Customs project moves ahead despite management challenges, official says
Inadequate funding rather than poor management will be to blame if a five-year, $1.3 billion import processing system in the Homeland Security Department's Border and Transportation Security Directorate is not completed by 2007, the project's director said Wednesday.
The former Customs Service is making progress on the Automated Commercial Environment (ACE) system, despite recent management challenges, said Charles Armstrong, executive director of the Customs and Border Protection Modernization Office. ACE is intended to help border agents track inbound cargo more efficiently and target high-risk shipping containers for inspections.
The project received $314 million in fiscal 2003 appropriations, enough to keep it on track for now, according to Armstrong's calculations. IBM Global Services, the project's contractor, has completed much of the system's infrastructure and is now getting it ready for customs agents and shippers to log on and view data on imports, he said.
But a new report (03-406) from the General Accounting Office said that while the former Customs Service has met project goals mandated by congressional appropriators and has incorporated some important recommendations, ACE still faces management challenges.
The agency has been "slow to correct" weaknesses in "two areas fundamental to effective acquisition management-people and processes," the GAO report said. "These weaknesses increase the risk that ACE will be late, cost more than necessary, and not perform as intended."
Previous GAO reports concluded that managers in Armstrong's office were not equipped to oversee IBM Global Services. And an April inspector general's report faulted the modernization office for failing to fill key management positions.
Customs has taken steps to address these concerns, Armstrong said. In October, the modernization office completed a plan to recruit and improve training of contract managers, he said. The office has also filled many of the vacant managerial positions cited in the IG report, and has sent managers to courses on the acquisition process.
Armstrong acknowledged that his office has had a tough time filling all of the job openings, partly because of Customs' move into the Homeland Security Department on March 1. The transition has made it temporarily more difficult to focus on finding new employees, he said. The Customs Service was split into the Bureau of Customs and Border Protection and the Bureau of Immigration and Customs Enforcement. Both bureaus are part of Homeland Security's Border and Transportation Security Directorate.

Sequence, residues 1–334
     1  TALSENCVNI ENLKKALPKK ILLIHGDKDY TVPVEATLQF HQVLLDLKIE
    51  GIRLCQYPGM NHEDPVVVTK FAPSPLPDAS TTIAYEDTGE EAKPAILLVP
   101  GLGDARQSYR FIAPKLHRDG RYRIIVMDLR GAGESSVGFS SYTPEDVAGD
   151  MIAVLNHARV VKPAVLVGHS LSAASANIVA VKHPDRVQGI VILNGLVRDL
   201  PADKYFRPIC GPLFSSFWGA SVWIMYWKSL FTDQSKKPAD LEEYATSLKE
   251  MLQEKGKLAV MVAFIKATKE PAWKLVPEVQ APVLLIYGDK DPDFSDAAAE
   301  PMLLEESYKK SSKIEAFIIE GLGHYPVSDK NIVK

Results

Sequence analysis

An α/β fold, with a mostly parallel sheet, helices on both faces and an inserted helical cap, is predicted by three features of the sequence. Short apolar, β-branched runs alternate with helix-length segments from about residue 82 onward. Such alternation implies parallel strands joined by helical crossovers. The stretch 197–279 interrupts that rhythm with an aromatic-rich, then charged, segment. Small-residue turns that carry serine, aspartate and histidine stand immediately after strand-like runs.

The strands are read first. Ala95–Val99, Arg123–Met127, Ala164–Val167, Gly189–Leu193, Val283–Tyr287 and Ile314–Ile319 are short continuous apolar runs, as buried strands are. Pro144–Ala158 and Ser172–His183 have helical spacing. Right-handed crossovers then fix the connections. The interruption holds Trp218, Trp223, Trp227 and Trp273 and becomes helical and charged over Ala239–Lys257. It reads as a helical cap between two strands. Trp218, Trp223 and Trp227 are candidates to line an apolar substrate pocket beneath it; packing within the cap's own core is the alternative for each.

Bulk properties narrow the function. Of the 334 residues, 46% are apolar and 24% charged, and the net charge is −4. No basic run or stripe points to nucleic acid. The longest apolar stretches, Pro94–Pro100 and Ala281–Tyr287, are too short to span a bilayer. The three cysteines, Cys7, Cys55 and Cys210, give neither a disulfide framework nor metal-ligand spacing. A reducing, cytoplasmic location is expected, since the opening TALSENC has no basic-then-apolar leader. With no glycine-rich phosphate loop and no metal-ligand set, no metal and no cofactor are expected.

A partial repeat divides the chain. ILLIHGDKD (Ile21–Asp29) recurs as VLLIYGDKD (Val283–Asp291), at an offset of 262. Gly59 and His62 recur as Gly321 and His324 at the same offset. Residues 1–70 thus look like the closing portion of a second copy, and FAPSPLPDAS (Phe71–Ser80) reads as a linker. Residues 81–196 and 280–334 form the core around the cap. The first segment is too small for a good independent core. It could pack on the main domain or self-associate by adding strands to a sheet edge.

Now that the former Customs Service is part of Homeland Security, ACE project managers will also have to spend more time coordinating their efforts with leaders at other agencies within the new department, Armstrong added. But the transition will still be a "step in the right direction" for the project, he said, because other agencies in Homeland Security have a vested interest in border control, and Customs will be able to leverage their expertise and resources.
But GAO was not convinced that the modernization office could meet its targets for filling all management vacancies by next month and for developing training programs for acquisition department managers by April 2004. The workforce management strategy would take more than a year to implement, according to the office's timeline--too long, in GAO's opinion. The modernization office plans to tie pay to employees' job performance, for example, but its proposed deadline for finalizing performance standards is still three months away, and a proposed deadline for delivering a set of career development standards is more than six months away, the report said.
Armstrong said that his office views the timeline as more of a long-term strategy for developing better managers, rather than a quick fix for current problems. To that end, the plan does fit with the accelerated timetable that GAO would like to see, he said.
The former Customs Service agreed with the report in general and is taking steps to address the issues it raised, according to officials. In a Feb. 13 memo to GAO, Brenda Smith, the agency's acting director for the office of planning, emphasized that Customs has been working "diligently" to address ACE management issues.
Smith pledged that the modernization office will complete an independent review of IBM's work and will place a higher priority on implementing management strategies. The Bureau of Customs and Border Protection will release quarterly reports to keep GAO updated on its progress.